Delivery: Don’t rush. You’ve boiled your message down to the essentials, so you should have plenty of time. Pace yourself, breathe, land your sentences, and let them sit for a moment. Vary your cadence and speed. Use eye contact to connect with different segments of the audience.
Presence: Be aware of the room. Look at people’s faces. Watch for signs that they’re following you—nods, smiles, leaning forward. Watch for signs that they’re not—confused expressions, phones coming out, side conversations. When you’re planning your talk, build in some interaction. This will help you gauge their engagement and their understanding.
If you’ve got a question, email me. I’d love to feature it on the blog!
The number one reason people are sent to us for coaching is this: “Person X needs to be more confident.”
I’m going to tell you a secret. No coach can give you more confidence. And? That’s not really what matters in this scenario.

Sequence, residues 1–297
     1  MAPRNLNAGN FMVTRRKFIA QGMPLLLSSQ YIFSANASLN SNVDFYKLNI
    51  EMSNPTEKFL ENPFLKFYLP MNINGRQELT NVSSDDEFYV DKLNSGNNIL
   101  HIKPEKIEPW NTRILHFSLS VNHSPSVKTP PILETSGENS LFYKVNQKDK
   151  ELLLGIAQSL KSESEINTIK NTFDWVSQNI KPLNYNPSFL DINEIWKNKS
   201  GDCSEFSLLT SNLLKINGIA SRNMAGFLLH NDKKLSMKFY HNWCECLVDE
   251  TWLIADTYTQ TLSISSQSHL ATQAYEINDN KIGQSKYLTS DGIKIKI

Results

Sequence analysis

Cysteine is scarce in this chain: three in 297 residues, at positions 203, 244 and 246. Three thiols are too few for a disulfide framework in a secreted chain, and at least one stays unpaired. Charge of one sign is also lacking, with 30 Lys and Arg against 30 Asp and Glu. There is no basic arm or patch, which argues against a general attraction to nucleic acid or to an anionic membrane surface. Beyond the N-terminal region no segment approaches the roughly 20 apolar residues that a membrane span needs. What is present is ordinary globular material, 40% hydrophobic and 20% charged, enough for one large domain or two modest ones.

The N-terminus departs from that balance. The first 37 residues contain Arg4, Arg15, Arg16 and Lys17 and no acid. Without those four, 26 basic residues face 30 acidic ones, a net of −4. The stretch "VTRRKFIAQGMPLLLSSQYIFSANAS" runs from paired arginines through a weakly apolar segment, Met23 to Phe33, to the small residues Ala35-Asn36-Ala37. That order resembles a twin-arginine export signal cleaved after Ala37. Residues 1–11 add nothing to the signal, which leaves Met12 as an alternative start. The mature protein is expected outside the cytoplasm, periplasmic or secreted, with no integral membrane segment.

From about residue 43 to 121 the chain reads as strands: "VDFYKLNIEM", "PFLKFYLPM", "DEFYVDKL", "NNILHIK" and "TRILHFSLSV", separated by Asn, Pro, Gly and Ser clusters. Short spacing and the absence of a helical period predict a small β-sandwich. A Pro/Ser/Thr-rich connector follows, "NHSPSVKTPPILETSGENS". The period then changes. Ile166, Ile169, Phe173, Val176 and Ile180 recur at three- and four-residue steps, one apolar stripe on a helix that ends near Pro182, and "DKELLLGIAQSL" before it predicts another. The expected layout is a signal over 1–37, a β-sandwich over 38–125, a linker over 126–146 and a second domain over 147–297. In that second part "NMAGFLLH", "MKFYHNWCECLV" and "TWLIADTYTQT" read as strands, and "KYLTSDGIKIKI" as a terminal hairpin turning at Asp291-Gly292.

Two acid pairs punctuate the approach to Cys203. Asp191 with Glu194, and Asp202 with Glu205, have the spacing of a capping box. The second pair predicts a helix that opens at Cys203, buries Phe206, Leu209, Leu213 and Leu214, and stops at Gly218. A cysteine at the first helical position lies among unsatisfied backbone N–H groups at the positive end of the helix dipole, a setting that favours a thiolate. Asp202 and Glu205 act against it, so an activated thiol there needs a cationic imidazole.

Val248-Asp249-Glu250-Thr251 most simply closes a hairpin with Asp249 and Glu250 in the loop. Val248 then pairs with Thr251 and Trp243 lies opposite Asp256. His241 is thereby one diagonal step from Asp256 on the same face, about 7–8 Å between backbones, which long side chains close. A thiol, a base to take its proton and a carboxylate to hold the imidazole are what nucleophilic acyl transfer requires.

When someone says “Hey, we need to get so-and-so some coaching so that they can speak with more confidence,” what they’re really saying is “I don’t feel confident about them when I listen to them speak.”
When you’re in the audience, you want a baseline level of confidence in the speaker you’re listening to. You want to trust that they know what they’re talking about, and that they’re not so nervous that you need to worry about whether they’ll make it through the talk. Once you’ve satisfied yourself on that front, you can settle in.
But here’s the thing. The speaker doesn’t have to feel confident in order to make the audience confident. The speaker merely has to behave confidently. Obviously, it would be better if both things were true, but if I have to pick, I’m picking the audience every time.
Instead of thinking about whether you feel confident, plan how you want the audience to feel. Be intentional about what you are creating for the people listening to you. The result will be that the audience trusts you, and, surprise! you may actually feel more confident. 🙂
I know, I sound like your grandmother. But when your back is straight, your presence shines.
When actors are trained in a conservatory or graduate school program, they learn to bring their bodies and voices to a neutral place. They lose any regional accent they may have and maximize their ability to use their bodies in any way a character may require. Actors cultivate very strong relationships with their bodies, a deep self-awareness that serves them well in their craft.